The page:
Kerosene Heater Safty Guidlines
kerosene heater is a portable, unvented, kerosene-fueled, space-heating device. In the United States they are used mainly for supplemental heat or as a source of emergency heat during a power outage. In some countries, particularly in Japan, they are used as the primary source of home heat. Most kerosene heaters produce between 3.3 and 6.8 kW (11000 to 23000 BTU per hour).
Kerosene heaters require no electricity to operate. Most heaters contain a battery-operated or piezo-electric ignitor to light the heater without the need for matches. If the ignitor should fail the heater can still be lighted manually.
Dramatic increases in home heating costs have resulted in a significant expansion in the sales and use of portable kerosene heaters. The Consumer Product Safety Commission (CPSC) estimates 3,500 heaters were sold in 1974 compared with an estimated 4.5 million in 1982. The CPSC also estimates there may be as many as 9 million kerosene heaters in use in consumers' homes. Of those, 5.5 million are unvented heaters.
Most portable kerosene heaters are similar in design. They include a wick so kerosene can be drawn from the tank to the combustion area, a device for igniting the wick, an automatic tip-over device designed to extinguish the wick if the unit is kicked or turned over and a fuel tank.
Manufacturers praise the units as a "new generation" of portable kerosene heaters because they are equipped with such features as battery-powered ignition devices, automatic extinguishing devices, fuel gauges, protective metal grills, leveling indicators, carrying handles, lift-out fuel canisters and decorator finishes. Many also have a wide base to prevent easy tip-over.
However, many fire officials, government agencies and safety specialists feel the heaters are not hazard-free and feel kerosene heaters present hazards not found with other heating systems. The major hazard is fire that could result from the use of gasoline instead of kerosene in the heater. Carelessness while refueling and improper storage of combustible liquids are also hazardous. Many health officials are also concerned about health hazards from the pollutants an unvented kerosene heater puts into the building.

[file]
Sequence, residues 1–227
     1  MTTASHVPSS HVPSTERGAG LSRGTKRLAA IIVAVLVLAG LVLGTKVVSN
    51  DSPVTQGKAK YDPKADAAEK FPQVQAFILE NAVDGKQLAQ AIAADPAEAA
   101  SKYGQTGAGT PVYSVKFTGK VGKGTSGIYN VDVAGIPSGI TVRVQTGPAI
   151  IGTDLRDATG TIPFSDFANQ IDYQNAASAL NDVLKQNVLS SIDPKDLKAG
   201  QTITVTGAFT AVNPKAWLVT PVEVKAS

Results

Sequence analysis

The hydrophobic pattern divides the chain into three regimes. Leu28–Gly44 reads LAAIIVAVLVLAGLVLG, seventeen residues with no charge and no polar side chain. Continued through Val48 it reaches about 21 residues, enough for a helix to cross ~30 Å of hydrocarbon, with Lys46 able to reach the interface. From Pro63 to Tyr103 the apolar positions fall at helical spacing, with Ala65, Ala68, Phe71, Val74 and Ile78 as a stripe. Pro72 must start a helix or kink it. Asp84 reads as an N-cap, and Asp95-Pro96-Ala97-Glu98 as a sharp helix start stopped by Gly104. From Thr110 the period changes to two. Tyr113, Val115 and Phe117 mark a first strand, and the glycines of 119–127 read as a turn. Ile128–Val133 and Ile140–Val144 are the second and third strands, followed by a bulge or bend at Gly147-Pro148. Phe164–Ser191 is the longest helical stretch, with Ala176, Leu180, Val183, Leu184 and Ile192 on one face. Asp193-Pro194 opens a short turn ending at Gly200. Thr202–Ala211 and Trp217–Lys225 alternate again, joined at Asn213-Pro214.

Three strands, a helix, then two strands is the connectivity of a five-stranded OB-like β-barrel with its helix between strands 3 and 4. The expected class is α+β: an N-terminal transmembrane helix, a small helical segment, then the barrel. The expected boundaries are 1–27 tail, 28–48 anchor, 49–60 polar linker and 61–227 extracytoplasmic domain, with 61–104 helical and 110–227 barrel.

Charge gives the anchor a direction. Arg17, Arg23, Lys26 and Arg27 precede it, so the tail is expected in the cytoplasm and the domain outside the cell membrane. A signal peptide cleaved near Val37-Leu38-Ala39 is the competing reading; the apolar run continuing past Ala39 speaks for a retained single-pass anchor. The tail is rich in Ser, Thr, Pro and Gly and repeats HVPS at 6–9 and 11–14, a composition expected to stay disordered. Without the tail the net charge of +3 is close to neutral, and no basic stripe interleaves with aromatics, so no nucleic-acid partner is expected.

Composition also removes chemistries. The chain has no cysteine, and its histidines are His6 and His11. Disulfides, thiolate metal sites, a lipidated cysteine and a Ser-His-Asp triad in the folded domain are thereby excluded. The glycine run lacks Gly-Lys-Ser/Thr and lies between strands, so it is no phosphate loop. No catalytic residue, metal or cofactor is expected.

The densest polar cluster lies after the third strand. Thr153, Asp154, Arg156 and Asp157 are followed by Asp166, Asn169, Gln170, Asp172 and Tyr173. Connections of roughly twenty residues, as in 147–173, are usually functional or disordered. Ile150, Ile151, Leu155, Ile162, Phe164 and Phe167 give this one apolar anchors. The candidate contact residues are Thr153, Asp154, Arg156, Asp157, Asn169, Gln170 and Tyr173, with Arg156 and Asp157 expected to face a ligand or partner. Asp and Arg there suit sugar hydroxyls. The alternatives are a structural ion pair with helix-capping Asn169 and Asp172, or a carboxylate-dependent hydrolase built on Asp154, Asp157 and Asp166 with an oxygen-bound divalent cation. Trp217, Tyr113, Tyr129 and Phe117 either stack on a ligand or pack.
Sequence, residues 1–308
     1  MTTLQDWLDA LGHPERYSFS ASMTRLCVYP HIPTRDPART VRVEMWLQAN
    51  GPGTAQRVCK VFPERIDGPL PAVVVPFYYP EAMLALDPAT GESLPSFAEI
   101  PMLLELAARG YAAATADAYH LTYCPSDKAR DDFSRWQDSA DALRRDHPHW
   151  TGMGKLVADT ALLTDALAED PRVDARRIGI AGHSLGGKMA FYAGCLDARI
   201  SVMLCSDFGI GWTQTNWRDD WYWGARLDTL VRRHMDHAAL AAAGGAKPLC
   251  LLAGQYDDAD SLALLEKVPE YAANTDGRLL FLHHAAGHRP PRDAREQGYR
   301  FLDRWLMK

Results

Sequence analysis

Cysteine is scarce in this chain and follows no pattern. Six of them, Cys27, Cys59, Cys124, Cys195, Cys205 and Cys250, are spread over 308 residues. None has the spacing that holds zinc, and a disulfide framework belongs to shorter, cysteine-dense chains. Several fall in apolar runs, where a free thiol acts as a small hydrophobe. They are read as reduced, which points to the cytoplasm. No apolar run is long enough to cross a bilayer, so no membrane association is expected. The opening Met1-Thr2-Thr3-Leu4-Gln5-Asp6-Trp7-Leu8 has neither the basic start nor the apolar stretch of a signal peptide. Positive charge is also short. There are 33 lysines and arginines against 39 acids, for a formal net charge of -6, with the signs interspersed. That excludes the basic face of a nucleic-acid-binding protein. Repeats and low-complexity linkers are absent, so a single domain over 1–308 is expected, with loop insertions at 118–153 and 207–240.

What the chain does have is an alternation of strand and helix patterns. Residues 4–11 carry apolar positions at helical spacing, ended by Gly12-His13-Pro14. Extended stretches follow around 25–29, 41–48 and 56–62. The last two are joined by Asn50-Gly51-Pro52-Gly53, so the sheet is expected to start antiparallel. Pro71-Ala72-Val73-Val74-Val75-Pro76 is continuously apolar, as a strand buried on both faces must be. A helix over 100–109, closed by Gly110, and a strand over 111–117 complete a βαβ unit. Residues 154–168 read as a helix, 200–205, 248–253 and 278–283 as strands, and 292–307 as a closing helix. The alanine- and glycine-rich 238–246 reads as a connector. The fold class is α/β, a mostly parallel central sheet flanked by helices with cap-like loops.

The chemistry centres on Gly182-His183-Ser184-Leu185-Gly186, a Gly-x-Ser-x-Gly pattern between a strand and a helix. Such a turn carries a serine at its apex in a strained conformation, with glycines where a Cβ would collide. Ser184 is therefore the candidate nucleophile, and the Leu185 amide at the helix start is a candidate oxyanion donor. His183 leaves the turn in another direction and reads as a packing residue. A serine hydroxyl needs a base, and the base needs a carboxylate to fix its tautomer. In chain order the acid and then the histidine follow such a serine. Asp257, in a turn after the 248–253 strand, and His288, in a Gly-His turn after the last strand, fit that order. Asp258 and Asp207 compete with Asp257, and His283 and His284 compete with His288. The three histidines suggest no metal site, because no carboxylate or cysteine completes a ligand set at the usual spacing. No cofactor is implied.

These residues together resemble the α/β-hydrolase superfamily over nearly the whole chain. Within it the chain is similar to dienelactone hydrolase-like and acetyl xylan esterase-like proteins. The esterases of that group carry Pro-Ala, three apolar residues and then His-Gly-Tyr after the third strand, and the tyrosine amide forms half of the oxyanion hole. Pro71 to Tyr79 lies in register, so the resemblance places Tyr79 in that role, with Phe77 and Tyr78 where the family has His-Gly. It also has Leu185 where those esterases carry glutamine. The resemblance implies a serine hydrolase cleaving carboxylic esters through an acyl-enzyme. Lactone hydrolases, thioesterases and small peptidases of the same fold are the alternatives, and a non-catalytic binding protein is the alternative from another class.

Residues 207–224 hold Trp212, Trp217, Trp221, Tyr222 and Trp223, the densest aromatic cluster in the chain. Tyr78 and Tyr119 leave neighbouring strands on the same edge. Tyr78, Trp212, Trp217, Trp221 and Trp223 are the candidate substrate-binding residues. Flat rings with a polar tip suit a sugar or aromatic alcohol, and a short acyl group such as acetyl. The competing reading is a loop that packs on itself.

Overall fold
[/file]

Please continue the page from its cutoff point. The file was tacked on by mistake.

Before purchasing or using a kerosene heater, consumers must learn the safety and maintenance procedures necessary to safely operate a kerosene heater.
Before you purchase a heater, make sure local building and fire codes permit its use in residential structures. Check with your insurance carrier to determine what impact the use of these heaters may have on your homeowner's policy.
To ensure the safe operation of the heater, every adult member of the family must become an informed consumer and operator. Adults should be aware of the equipment maintenance, safety considerations, operating procedures, emergency procedures and fuel storage requirements. Never allow children to operate the unit! The best source of information for the unit should be the owner's manual. Read, heed and follow the procedures and safety alerts in the owner's manual before you attempt to operate, service or perform maintenance on the unit.